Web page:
‘Maḏayin’ Transports You Back in Time

February 6, 2024 By Alice Berry, vfu6kd@virginia.edu Alice Berry, vfu6kd@virginia.edu

Inside The Fralin Museum of Art at the University of Virginia is the cosmology of an entire people.

That cosmology is expressed in eucalyptus bark paintings done by Yolŋu (Aboriginal) people from northeast Arnhem Land, Australia, for the current exhibition “Maḏayin: Eight Decades of Aboriginal Australian Bark Painting from Yirrkala.” Many of the paintings had never been on display outside Australia prior to this exhibition’s tour.

The exhibition has been on view at American University and Dartmouth College, but through July 14, “Maḏayin” is back in the town where it started.

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“Maḏayin” came to the University thanks to the Yolnu artist and leader Djambawa Marawili. In 2015, during a residency at the Kluge-Ruhe Aboriginal Art Museum, Marawili began working to bring the paintings together and share them outside Australia. The Wall Street Journal, Washington Post and the New York Times have declared the “Maḏayin” exhibit a must-see.

The works are intricate, with detailed crosshatching and painted dots, depicting kangaroos, snakes and lizards.

“It’s not art for art’s sake. This is a repository of our knowledge,” said Mayatili Marika, a member of the six-person Yolŋu delegation who were present for Friday’s exhibition opening.

The paintings are made on eucalyptus bark, which traditionally also served a more utilitarian purpose, too; it was used to construct shelter.

Side by side images of bark paintings

Eucalyptus bark paintings like these can take years to make. (Paintings by Naminapu Maymuru-White and Mithili Wanambi)

Henry Skerritt, one of the exhibition curators, quipped that it can take as long as 65,000 years to make a bark painting, alluding to the long history of Aboriginal Australians. The process also includes the growing of the eucalyptus tree, stripping the tree’s bark, drying it and painting. 

“Our entire history for centuries was oral, so this was our mode of communication,” Marika said.

Each painting includes Yolŋu songlines, ancestry and information about the land. There’s a lot of knowledge packed into one painting. Each contains the spirit of the artist who painted it, Marika said.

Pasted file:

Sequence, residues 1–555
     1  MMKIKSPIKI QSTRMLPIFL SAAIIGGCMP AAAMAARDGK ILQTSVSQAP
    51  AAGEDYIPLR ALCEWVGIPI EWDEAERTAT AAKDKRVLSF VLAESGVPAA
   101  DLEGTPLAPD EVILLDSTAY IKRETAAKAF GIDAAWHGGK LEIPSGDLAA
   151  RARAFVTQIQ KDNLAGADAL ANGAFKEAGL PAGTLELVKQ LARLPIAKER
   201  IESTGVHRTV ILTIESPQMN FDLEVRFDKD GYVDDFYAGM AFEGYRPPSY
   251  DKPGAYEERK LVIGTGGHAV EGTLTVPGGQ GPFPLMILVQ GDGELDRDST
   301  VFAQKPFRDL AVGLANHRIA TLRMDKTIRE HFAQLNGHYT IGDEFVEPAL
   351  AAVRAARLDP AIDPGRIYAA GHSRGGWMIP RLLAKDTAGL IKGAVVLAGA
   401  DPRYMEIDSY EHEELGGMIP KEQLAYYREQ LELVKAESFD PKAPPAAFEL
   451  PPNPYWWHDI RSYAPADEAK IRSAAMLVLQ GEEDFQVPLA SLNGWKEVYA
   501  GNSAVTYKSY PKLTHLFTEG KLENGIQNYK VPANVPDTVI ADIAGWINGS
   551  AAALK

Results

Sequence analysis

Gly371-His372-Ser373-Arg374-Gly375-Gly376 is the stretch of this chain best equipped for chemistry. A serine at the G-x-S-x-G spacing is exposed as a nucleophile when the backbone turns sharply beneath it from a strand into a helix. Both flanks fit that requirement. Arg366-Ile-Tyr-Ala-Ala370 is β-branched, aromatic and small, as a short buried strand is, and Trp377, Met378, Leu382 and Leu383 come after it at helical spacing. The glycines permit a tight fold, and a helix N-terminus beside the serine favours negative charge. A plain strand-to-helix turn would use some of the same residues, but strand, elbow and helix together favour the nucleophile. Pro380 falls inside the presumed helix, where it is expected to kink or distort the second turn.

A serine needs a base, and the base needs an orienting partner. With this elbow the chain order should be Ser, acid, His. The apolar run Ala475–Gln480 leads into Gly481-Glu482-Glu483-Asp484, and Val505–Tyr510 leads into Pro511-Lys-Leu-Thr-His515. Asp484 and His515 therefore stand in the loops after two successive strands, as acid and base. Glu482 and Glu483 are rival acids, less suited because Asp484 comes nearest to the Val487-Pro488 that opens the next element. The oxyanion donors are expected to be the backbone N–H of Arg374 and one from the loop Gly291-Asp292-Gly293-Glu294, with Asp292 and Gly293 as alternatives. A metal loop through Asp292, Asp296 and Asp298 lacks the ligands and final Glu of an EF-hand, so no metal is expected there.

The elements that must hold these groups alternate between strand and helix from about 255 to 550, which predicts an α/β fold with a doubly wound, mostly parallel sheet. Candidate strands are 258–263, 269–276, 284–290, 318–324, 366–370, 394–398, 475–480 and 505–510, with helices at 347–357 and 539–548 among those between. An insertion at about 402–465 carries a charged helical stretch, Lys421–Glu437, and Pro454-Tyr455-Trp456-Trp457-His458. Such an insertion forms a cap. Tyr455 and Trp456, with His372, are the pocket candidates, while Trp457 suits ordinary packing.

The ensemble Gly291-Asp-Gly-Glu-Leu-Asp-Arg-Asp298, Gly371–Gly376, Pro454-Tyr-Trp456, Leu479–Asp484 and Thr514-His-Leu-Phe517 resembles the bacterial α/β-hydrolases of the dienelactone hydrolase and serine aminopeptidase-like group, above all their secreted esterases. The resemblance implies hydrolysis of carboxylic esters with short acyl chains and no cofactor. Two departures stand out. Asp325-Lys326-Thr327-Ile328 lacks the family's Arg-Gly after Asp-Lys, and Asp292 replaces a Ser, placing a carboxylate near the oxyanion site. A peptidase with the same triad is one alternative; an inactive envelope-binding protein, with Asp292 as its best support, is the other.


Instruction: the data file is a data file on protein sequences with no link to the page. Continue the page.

That was especially meaningful for Dhukumul Wanambi, another member of the Yolŋu delegation. Her father Wukun was instrumental in bringing the exhibition to the United States, making at least eight trips to locations in America and across Australia to bring it into being. He died three months before it opened at Dartmouth’s Hood Museum. Dhukumul undertook the same journey for the first time after hearing countless stories from her father about Charlottesville and UVA.

The exhibition has been lauded by the New York Times, Wall Street Journal and Washington Post. (Photo by Callie Collins)

Wukun’s painting, “Destiny,” is on view in the exhibition. It shows a small fish swimming through rivers, creeks and oceans to search for his destiny.

“He is lost, and he needs to find home,” Dhukumul said.

Eventually, the fish realizes he is surrounded by family – who are both his destiny and his home.

The exhibition shows off the Yolŋu people’s older and contemporary works, including a painting called “Journey to America.” The painting shows the ancestral crocodile Bäru emerging from the waters at Yathikpa and throwing sacred fire across the waters, eventually reaching the Statue of Liberty.

“Journey to America” mirrors the journey the Yolŋu delegation took. It is a microcosm of the path that “Maḏayin” has taken, from Yirrkala to Charlottesville and even, eventually, to New York, where it will be shown at the Asia Society.

“Maḏayin” isn’t the only celebration of Indigenous Australian art on display in the Charlottesville area. Complementary exhibitions are being staged at the Kluge-Ruhe Aboriginal Art Collection of the University of Virginia, in the Upper West Oval Room at the Rotunda, Second Street Gallery and Les Yeux du Monde.

Media Contact

Alice Berry

University News Associate Office of University Communications